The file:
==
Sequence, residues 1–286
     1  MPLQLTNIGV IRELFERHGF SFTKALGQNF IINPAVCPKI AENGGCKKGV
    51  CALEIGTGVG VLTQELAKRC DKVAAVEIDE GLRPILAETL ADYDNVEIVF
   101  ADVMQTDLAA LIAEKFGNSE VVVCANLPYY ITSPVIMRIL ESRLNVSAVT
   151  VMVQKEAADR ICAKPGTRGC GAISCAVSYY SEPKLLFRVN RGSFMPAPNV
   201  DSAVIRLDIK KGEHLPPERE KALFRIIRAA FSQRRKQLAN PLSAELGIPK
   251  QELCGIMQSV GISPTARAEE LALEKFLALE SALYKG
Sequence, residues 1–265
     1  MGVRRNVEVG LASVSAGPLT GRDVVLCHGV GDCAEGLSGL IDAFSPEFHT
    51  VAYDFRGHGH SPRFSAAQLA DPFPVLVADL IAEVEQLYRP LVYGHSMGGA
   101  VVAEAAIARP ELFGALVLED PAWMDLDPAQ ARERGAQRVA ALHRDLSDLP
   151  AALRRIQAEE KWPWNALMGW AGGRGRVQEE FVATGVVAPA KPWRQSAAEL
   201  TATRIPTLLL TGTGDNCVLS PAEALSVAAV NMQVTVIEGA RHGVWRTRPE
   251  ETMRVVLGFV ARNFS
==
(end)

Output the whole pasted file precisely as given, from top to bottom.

Sequence, residues 1–286
     1  MPLQLTNIGV IRELFERHGF SFTKALGQNF IINPAVCPKI AENGGCKKGV
    51  CALEIGTGVG VLTQELAKRC DKVAAVEIDE GLRPILAETL ADYDNVEIVF
   101  ADVMQTDLAA LIAEKFGNSE VVVCANLPYY ITSPVIMRIL ESRLNVSAVT
   151  VMVQKEAADR ICAKPGTRGC GAISCAVSYY SEPKLLFRVN RGSFMPAPNV
   201  DSAVIRLDIK KGEHLPPERE KALFRIIRAA FSQRRKQLAN PLSAELGIPK
   251  QELCGIMQSV GISPTARAEE LALEKFLALE SALYKG
Sequence, residues 1–265
     1  MGVRRNVEVG LASVSAGPLT GRDVVLCHGV GDCAEGLSGL IDAFSPEFHT
    51  VAYDFRGHGH SPRFSAAQLA DPFPVLVADL IAEVEQLYRP LVYGHSMGGA
   101  VVAEAAIARP ELFGALVLED PAWMDLDPAQ ARERGAQRVA ALHRDLSDLP
   151  AALRRIQAEE KWPWNALMGW AGGRGRVQEE FVATGVVAPA KPWRQSAAEL
   201  TATRIPTLLL TGTGDNCVLS PAEALSVAAV NMQVTVIEGA RHGVWRTRPE
   251  ETMRVVLGFV ARNFS